Top Blitz Chess Player Alexander Grishchuk Vs. Kuka (A German Robot)!
Матч за звание абсолютного чемпиона мира среди роботов по шахматам
I can't read the Russian description. But here is some in English:
KUKA Monstr, created by the German company KUKA Robotics, one of the world’s largest manufacturers of industrial robots. Though it is younger than its Russian opponent, its creators favored it to win the match. They say that blitz chess is precisely where KUKA can fully manifest its intelligence, accuracy and speed.
Alexander Grischuk played six blitz games against KUKA. In the first three the grandmaster had white, and at first he had the initiative, but he could not break the resistance of his opponent. In fact in the third game he had to take refuge in a rook endgame. After the three draws the "Metallic Mind" had white, and its preponderance became apparent: KUKA Monstr won all three games and the match ended with a score of 4.5:1.5.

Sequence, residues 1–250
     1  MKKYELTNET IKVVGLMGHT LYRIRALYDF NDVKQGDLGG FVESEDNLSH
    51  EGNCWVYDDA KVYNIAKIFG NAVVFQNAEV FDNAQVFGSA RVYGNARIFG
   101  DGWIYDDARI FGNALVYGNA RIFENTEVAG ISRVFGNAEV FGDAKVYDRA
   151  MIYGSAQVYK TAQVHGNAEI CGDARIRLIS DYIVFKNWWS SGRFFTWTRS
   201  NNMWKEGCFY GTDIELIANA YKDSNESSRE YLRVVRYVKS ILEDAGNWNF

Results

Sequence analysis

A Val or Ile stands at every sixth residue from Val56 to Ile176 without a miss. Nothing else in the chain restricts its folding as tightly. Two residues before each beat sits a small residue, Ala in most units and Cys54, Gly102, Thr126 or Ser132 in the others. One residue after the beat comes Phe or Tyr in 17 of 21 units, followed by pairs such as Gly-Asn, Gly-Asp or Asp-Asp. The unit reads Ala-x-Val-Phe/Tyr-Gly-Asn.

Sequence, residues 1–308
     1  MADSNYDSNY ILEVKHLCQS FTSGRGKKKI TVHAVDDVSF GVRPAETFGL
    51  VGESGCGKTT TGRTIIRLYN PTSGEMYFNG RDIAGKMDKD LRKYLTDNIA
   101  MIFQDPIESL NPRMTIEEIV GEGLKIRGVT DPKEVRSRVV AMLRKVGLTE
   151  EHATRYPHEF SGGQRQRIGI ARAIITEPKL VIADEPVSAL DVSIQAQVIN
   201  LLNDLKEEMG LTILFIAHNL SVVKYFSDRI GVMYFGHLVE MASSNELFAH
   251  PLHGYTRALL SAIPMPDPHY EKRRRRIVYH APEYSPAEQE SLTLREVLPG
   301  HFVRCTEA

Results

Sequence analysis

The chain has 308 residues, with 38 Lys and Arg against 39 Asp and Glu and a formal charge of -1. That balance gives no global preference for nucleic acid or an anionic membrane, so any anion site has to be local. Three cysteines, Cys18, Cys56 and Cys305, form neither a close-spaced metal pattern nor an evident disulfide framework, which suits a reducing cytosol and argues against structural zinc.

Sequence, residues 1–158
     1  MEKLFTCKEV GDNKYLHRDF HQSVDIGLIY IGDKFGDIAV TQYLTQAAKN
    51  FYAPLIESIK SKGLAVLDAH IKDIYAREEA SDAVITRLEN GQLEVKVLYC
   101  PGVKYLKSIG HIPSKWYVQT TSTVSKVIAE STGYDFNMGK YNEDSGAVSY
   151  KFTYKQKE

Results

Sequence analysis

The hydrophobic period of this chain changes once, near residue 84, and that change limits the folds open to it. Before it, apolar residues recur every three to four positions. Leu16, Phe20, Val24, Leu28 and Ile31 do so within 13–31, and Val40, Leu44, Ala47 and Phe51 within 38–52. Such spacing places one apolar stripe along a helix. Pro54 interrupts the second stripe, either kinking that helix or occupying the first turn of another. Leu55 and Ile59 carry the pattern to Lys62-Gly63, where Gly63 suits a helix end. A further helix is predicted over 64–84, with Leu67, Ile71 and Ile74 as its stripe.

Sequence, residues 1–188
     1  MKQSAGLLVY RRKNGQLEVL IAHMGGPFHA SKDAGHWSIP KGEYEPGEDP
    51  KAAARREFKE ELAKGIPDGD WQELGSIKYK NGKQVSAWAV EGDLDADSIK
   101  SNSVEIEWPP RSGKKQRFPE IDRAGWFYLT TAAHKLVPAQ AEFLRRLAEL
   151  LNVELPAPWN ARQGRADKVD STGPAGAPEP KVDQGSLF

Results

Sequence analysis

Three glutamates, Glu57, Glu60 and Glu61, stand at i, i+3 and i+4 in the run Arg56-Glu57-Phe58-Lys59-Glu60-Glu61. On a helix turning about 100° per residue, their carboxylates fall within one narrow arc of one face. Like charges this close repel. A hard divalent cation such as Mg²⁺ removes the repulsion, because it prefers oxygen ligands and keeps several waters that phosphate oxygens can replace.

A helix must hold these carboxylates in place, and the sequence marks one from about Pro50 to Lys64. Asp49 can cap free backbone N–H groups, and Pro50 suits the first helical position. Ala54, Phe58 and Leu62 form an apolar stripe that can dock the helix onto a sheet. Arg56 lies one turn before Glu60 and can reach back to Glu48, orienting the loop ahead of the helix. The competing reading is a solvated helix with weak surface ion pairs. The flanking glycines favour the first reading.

Re: Top Blitz Chess Player Alexander Grishchuk Vs. Kuka (A German Robot)!
This is a very unfair advantage for the robot. Blitz chess involves a lot of brute force calculations and there's no time to mire the computer in positional quandries with ambiguous results. A chess computer calculates one move at a time to a certain depth (number of moves) and assigns a value based on well worn chess fundamentals. A powerful computer can play beyond the possibility of any human mind as far as depth of moves goes.
In normal tournament play, this is not as big of an advantage because computers can't reliably assign value to possitional factors. Given enough time and preparation, a human can drag a computer into a positional game where the normal value of moves and captures doesn't apply.
In blitz chess, there's no time for that. Hence the fact that the Russian drew 3 times with white and lost 3 with black. Even Chessmaster 9000 can give a good blitz player a run for their money with the correct settings and book openings loaded.
Lasty, psychology. Computers don't feel 'uncomfotable'. You can't put them into a game they don't like. But with humans you can.
Chess is a wonderful game and one of my passions in life. Once we take the human element out, might as well have robots play robots, because it's never a fair match between computers and humans.